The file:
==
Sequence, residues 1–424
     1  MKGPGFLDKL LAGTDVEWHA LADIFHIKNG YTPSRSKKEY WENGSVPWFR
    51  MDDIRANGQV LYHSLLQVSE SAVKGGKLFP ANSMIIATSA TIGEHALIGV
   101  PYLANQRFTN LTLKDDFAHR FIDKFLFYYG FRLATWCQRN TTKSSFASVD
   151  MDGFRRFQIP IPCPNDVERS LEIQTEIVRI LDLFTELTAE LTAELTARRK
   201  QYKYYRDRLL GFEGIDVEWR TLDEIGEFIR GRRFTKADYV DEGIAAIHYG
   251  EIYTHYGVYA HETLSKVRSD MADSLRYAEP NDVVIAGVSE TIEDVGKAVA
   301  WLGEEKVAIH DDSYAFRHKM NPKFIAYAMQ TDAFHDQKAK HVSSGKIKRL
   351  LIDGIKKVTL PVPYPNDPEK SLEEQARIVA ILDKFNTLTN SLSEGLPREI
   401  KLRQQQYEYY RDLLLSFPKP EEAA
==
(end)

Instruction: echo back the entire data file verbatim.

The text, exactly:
Sequence, residues 1–424
     1  MKGPGFLDKL LAGTDVEWHA LADIFHIKNG YTPSRSKKEY WENGSVPWFR
    51  MDDIRANGQV LYHSLLQVSE SAVKGGKLFP ANSMIIATSA TIGEHALIGV
   101  PYLANQRFTN LTLKDDFAHR FIDKFLFYYG FRLATWCQRN TTKSSFASVD
   151  MDGFRRFQIP IPCPNDVERS LEIQTEIVRI LDLFTELTAE LTAELTARRK
   201  QYKYYRDRLL GFEGIDVEWR TLDEIGEFIR GRRFTKADYV DEGIAAIHYG
   251  EIYTHYGVYA HETLSKVRSD MADSLRYAEP NDVVIAGVSE TIEDVGKAVA
   301  WLGEEKVAIH DDSYAFRHKM NPKFIAYAMQ TDAFHDQKAK HVSSGKIKRL
   351  LIDGIKKVTL PVPYPNDPEK SLEEQARIVA ILDKFNTLTN SLSEGLPREI
   401  KLRQQQYEYY RDLLLSFPKP EEAA